13 Business Mistakes to Avoid (or Lose your Clients)
Any good business should take care of its clients. A business which loses its clients (individuals or other businesses) is heading into bankruptcy or any financial trouble. In stand-alone businesses or businesses participating in procurement, these mistakes are often made to the detriment of the company. Here are some business mistakes to avoid and put a stop to company’s decline.
Not in constant touch. A good business should consult their clients on a regular basis. Being in touch means being ready to receive feedback, asking how they feel about your products or services and suggestions. Give active service and anticipate their needs or problems. When dealing with long-time or big clients, get people to regularly communicate with them. Keep in mind: communication with clients is one tool to avoid mistakes.
Rudeness. There is a saying that the ‘customer is always right’. This is not always true but a certain respect is given to the client. It doesn’t matter what a client’s personality or perceived impression is; they should be treated and valued. Thinking low of them might lead to offense and clients thinking low of the business.
A lousy customer service. A client might be in love with your product or service but a lousy customer service will definitely make them turn to your competitors. Don’t make the mistake of hiring just anyone or not providing training for your customer service. Clients would forgive a fast remedy to a mistake, but not to a concern that has been dragged too long.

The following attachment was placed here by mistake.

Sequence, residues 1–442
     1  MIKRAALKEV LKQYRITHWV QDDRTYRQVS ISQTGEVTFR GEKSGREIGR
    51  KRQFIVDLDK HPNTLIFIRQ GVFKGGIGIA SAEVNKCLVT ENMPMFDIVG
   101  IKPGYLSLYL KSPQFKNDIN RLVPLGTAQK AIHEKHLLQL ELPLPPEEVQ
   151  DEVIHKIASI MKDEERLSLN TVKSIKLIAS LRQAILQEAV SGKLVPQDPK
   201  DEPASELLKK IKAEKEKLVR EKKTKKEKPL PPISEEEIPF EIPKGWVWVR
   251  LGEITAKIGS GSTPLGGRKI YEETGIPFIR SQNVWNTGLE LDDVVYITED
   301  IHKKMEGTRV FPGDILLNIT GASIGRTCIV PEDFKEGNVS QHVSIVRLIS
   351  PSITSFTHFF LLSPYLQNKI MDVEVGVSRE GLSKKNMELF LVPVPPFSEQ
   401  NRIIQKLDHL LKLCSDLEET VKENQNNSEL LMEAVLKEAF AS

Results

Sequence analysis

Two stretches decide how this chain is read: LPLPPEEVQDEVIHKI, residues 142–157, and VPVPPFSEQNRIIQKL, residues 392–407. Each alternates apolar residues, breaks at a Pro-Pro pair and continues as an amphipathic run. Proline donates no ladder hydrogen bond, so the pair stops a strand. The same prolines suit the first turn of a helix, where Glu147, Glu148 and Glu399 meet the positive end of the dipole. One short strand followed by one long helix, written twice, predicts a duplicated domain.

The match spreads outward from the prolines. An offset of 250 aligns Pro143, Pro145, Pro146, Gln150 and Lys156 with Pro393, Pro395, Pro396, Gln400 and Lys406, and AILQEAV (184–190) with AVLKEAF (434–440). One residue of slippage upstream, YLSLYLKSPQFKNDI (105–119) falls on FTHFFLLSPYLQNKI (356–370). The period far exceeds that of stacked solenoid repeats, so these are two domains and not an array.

No follow-up. Business doesn’t end when a client purchases a product/service. Follow-up the transaction and get feedback from the customer. Customers have the liberty to choose another business/product/service for their needs and a bad experience gives them a reason to do so.
No compensation for bad experience. There are many consumers who can forgive a business if they can get something in return for bad experience. Compensation can be a free product/service, a discount or an alternative item.
Being automated. Clients, especially when asking for info, want people to communicate with them, not automated messages or very long phone recordings. Client requests and problems are not automated and people take time just to get someone who is willing to listen and help them.
A higher product price. Clients often go for the cheapest product or alternative. If you are going to raise your prices, justify the cost to the client. In addition, you could give incentives to the customer to keep buying the product/service at its higher price.
Taking clients for granted. Every business has their classification of customers. Often, many businesses take their long-time and loyal clients for granted, assuming that they will remain patrons.